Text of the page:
It is time for our country to put an end to the death penalty.
There is a case pending right now in the U.S. Supreme Court that is looking at the practical problems with the way capital punishment is administered through lethal injections. The justices will hear arguments on the issue next month.
The Supreme Court’s review comes at a time when many people are rethinking the issue of capital punishment.
Eighteen states have now banned the death penalty and the numbers of executions and death penalty convictions are decreasing every year. In 2014, there were 35 executions nationwide, the lowest number in 20 years.
In recent years, there have been highly publicized incidents where executions have been mishandled. In one instance, a convicted murderer spent more than 40 minutes in agony after receiving a lethal injection that was supposed to kill him within minutes.
There is also substantial evidence that the death penalty is imposed far more often on racial minorities and the poor. And sadly, in some cases we have seen that, due to judicial error, some of those sent to death row did not actually commit the crimes they were convicted of.
The Catholic Church has been calling for the abolition of the death penalty for more than 40 years.
Just a few weeks ago, Pope Francis’ representative to the United Nations again voiced the Church’s support for a worldwide moratorium on the death penalty.
The Church has been thinking about these issues of crime and punishment and the common good for a long time, beginning with the teachings of Jesus and the apostolic writings of the New Testament.
Through the centuries, the Church has always recognized that governments have the duty to protect people and to punish those who threaten the safety of citizens and society’s good order.
St. Thomas Aquinas said public authorities are justified in taking a person’s life if that person endangers the common good. This is still the Catholic teaching.
The Catechism says that governments may impose the death penalty “if this is the only possible way of effectively defending human lives against the unjust aggressor.”
And that is precisely the moral issue we face in our times.
Today, through advances in law enforcement and criminal justice, our society has many ways to punish violent offenders and to prevent them from committing further violence.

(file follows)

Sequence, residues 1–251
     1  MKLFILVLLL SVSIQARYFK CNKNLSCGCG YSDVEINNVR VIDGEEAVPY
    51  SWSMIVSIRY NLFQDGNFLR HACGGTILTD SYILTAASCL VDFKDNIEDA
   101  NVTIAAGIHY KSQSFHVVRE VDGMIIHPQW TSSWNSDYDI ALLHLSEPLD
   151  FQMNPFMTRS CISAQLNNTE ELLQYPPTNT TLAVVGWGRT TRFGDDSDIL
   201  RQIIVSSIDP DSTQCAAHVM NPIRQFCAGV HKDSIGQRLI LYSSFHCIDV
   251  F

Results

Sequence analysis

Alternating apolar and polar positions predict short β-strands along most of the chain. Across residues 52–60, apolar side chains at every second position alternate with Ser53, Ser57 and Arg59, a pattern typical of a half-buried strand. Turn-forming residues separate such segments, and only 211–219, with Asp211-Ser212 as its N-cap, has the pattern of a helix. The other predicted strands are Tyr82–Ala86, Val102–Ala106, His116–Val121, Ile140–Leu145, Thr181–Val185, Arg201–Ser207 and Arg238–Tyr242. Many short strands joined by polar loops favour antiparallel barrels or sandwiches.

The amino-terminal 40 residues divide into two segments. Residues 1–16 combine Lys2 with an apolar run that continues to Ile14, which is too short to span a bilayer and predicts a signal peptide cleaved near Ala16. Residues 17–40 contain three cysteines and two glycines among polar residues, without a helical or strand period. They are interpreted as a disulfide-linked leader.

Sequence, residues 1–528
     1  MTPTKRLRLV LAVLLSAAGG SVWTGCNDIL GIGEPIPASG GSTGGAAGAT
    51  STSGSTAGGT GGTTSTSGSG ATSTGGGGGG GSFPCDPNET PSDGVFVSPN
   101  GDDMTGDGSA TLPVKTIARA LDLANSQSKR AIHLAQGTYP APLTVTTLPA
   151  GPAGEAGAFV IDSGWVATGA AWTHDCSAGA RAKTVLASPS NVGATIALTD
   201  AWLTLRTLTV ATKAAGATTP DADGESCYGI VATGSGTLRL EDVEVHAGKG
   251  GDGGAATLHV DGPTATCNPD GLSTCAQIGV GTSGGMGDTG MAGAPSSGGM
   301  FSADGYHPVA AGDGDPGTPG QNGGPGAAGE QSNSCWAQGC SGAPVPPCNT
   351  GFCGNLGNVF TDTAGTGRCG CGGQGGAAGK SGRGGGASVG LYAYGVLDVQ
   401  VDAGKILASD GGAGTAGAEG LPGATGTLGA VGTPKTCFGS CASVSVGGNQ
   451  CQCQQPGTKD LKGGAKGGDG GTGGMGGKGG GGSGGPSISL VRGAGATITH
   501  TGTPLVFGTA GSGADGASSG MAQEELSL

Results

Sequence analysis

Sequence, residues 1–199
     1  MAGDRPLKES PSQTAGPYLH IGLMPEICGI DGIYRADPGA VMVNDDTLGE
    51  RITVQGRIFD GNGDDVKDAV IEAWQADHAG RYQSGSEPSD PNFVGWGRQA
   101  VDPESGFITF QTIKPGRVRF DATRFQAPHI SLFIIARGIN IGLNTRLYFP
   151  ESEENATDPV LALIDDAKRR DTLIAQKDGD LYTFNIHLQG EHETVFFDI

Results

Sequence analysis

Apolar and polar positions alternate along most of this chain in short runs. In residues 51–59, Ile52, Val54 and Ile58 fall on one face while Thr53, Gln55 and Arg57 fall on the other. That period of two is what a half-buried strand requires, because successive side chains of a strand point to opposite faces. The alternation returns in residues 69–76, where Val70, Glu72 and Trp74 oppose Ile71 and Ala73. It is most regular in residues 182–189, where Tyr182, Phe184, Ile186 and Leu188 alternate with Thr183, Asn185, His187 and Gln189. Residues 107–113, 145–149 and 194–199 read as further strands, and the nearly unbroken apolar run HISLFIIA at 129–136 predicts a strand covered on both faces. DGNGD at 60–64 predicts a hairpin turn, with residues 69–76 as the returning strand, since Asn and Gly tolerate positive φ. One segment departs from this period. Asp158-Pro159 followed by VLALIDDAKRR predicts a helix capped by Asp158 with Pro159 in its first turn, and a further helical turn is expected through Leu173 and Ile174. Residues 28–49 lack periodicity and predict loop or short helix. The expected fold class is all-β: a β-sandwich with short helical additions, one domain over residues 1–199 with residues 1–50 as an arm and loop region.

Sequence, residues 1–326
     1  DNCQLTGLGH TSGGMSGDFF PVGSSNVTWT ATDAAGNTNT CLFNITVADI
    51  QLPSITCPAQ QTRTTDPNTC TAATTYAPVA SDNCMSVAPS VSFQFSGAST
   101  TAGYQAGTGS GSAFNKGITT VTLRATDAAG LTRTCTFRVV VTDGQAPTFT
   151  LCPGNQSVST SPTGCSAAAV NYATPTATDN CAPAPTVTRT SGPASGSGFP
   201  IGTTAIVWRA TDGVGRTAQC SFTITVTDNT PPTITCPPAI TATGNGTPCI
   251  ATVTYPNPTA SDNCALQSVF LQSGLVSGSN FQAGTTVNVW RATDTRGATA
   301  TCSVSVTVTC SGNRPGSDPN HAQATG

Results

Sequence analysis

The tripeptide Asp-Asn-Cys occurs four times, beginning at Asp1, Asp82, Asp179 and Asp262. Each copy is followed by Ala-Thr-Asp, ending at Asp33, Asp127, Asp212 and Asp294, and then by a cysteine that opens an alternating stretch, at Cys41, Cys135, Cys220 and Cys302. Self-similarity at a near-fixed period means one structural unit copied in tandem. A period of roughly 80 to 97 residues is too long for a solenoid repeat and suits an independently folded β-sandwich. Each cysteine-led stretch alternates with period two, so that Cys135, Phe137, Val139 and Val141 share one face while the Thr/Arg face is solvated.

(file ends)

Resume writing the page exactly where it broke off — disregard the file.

As St. John Paul II said in his great letter, The Gospel of Life, society should only choose “the extreme of executing the offender” in “cases of absolute necessity, in other words, when it would not be possible otherwise to defend society.”
But he added, in words that are quoted in the Catechism, in our times there is almost never any real justification to execute anyone. Cases where the death penalty might be justified are “very rare, if not practically non-existent,” St. John Paul said.
We do not need to kill criminals to defend our society.
More than that, the continued acceptance of the death penalty contributes to a culture in which people too often think their problems can be “solved” by violence and killing.
The death penalty is not at all like abortion or euthanasia. Abortion is the killing of innocent life in the womb and euthanasia is the killing of the sick and defenseless.
We recognize that those on death row are not innocent. They have been convicted of grave evil. Not only have they taken the lives of their victims, they have caused deep and lasting trauma to their victims’ families, loved ones and neighbors.
So we can never compare the state’s use of capital punishment with the fundamental evils of abortion and euthanasia.
But we do say that even the lives of the worst and most dangerous criminals are sacred and we hold out the hope that even these lives can be changed and rehabilitated — through the mercy of God.
As a nation and as a society, our justice must be tempered with mercy or we risk losing something of our own humanity.
And as Christians we are called to proclaim the Gospel of life and to work so that our criminal justice system always respects the dignity of every human person.
So let’s keep praying for one another this week. Let’s pray for the grace to be more open to the light of Christ and the social teachings of his Church.
And may our Blessed Mother Mary help us to follow her Son more closely and to hear his call that we be merciful as our heavenly Father is merciful.